So runs Huemer’s initial example in considering whether political authority is justified by democracy: you’re out with a group of people at a restaurant and when the bill comes someone suggests you pay, and the motion is carried on a vote. Since we do not think this would be right, nor do we think you’d thereby be under any obligation to pay, it is clear that anyone who thinks democracy justifies political authority has to explain why what is wrong here is right for a democratic government.
He never expressed doubt in anything, I think that was his – one of his strengths. He never expressed doubt. Once he’d made his mind up that something was right it was right.
- General Pinochet’s personal driver, commenting on their private conversations about politics and his own admiration for the late dictator.
I was kidding about the source. It was Lady Thatcher’s former driver Denis Oliver, commenting about her when interviewed by the BBC this morning (only gender was changed in the quote). Why do people so often take complete absence of doubt to be a strength in a leader, even when they disagree with that leader’s views? Can they be persuaded otherwise?
The next justification of political authority that Michael Huemer considers in his book The Problem of Political Authority is what is called Hypothetical Social Contract Theory. The broad idea is that what justifies political authority is that you would agree to government coercion were you not the irrational, selfish and ignorant fool that you are. My inclination when addressed in such a manner is to say, so what? Grant that I am the irrational, selfish and ignorant fool that you say I am, why does what I would agree to if I were otherwise make it right for the government to force me to do what I don’t want to do? Continue reading
As I said last time, I’ve been reading Michael Huemer’s book: The Problem of Political Authority. The problem of political authority is the problem of justifying coercion by the government when common sense morality rules out the same behaviour done by anyone else. The point here is that government has no special right to command and we have no special duty to obey unless what the government does that goes beyond what we may do can be justified.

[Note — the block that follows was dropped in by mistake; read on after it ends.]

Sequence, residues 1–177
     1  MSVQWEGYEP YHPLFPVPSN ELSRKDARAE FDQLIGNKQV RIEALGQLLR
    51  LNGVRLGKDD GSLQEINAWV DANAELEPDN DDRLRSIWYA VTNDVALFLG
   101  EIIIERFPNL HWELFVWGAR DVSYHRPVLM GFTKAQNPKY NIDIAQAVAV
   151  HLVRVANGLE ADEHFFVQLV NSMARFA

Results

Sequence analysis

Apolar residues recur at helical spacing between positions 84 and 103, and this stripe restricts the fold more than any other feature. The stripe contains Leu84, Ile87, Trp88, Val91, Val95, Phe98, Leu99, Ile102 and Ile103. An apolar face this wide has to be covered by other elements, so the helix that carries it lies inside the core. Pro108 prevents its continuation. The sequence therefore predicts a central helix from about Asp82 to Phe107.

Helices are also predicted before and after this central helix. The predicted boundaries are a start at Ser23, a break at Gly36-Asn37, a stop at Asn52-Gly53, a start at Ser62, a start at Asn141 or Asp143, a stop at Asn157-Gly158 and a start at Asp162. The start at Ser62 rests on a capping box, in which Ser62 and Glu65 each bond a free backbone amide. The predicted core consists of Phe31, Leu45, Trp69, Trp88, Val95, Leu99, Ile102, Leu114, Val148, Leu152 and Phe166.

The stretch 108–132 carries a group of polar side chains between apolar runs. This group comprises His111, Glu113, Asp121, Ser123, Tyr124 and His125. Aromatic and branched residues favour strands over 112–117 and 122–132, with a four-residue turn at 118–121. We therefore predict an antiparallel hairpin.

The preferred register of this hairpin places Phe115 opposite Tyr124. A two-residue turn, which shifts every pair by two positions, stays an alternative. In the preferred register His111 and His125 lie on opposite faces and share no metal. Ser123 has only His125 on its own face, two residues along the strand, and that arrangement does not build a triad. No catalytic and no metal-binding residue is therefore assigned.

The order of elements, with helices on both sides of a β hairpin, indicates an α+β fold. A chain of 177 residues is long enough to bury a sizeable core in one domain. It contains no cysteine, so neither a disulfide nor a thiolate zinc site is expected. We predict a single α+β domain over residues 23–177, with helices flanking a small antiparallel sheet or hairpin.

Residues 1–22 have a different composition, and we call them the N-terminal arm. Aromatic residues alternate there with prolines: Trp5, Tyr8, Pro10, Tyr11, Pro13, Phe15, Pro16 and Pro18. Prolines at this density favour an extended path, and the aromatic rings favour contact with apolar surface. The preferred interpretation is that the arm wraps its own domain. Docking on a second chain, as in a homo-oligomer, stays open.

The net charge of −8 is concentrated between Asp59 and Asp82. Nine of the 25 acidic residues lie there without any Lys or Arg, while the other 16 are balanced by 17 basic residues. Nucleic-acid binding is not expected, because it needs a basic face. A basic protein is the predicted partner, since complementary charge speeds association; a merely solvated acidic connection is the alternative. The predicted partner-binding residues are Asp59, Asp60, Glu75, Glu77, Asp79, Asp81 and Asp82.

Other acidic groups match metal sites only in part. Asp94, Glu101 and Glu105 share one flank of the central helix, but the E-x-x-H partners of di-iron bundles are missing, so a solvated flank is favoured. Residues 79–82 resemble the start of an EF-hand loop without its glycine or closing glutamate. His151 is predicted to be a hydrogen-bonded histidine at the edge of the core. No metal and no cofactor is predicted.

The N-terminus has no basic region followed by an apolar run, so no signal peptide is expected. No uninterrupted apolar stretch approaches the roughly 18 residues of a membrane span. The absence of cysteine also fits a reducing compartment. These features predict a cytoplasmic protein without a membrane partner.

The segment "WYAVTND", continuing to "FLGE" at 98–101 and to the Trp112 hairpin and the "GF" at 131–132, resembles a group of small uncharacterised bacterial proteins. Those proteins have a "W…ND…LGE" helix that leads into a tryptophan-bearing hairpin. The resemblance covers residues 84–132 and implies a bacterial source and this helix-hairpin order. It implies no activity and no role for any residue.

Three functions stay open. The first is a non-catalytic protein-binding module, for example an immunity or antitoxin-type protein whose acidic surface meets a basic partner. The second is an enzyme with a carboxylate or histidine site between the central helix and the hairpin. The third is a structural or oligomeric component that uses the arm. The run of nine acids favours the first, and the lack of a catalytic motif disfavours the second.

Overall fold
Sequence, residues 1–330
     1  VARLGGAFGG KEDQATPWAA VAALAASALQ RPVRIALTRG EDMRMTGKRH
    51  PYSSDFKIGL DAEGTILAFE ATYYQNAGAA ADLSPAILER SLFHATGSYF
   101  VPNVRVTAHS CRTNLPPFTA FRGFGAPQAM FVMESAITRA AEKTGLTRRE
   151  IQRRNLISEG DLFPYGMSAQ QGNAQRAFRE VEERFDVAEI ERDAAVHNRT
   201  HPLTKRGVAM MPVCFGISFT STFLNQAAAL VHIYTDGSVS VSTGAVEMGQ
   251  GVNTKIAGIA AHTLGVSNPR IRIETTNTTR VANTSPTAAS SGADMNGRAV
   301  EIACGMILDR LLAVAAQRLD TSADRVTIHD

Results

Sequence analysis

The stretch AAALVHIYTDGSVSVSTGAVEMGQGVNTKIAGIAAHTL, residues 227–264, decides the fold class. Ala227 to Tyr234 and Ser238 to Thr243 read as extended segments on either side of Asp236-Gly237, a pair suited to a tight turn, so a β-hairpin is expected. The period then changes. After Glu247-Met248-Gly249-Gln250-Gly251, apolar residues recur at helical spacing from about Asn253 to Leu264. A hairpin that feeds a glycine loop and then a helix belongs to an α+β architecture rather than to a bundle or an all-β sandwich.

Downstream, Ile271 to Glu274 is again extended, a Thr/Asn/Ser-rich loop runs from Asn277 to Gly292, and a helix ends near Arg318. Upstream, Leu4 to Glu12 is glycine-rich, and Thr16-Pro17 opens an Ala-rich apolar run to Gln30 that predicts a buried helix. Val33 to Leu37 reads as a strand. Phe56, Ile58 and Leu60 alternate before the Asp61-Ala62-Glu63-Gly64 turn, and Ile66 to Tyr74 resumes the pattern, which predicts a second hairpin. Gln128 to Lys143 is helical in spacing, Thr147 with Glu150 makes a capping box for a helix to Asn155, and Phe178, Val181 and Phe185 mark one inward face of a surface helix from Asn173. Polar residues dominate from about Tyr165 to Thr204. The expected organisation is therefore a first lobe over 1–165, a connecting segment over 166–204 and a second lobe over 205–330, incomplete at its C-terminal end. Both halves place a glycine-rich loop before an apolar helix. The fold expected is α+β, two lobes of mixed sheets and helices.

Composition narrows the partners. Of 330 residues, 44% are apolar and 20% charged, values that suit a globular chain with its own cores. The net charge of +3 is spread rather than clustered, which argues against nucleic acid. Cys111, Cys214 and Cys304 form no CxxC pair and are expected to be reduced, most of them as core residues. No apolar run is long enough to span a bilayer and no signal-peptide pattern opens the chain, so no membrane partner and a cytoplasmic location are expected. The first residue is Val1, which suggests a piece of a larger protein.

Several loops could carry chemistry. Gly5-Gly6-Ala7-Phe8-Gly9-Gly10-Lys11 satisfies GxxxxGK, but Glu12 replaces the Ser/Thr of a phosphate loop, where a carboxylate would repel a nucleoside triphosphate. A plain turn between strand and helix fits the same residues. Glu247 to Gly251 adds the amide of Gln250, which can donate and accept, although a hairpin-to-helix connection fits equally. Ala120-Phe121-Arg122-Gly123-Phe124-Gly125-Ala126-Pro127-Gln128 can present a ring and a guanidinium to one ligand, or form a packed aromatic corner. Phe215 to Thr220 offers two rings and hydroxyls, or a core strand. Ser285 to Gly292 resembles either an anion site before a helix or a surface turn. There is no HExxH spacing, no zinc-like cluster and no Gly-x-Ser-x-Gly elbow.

Government coercion is commands backed up by the threat of deliberate physical harm up to and including killing. In short, and for example, taxation is demanding money with menaces, morally forbidden to you and me but done by the government. Does the government have any such right and do you have any duty to obey it?
The first kind of justification Huemer considers is the social contract: that you agreed to being coerced by the government. Now I don’t know about you, but I never made any such agreement. So on that basis the government should leave me alone, shouldn’t it?
On the evening of Thursday 7 February, Jeff McMahan, Honorary Fellow of the Oxford Uehiro Centre for Practical Ethics and Professor Philosophy at Rutgers University, delivered an insightful and fascinating Astor Lecture at the University of Oxford.
McMahan’s topic was the relatively underdiscussed question of the extent to which states are morally entitled to resist what he called ‘lesser aggressors’, who are seeking not to take over the state in question or to inflict major harm or damage, but some lesser goal, such as control over some relatively insignificant piece of territory. McMahan mentioned the Argentinian invasion of the Falklands Islands as a possible example. Continue reading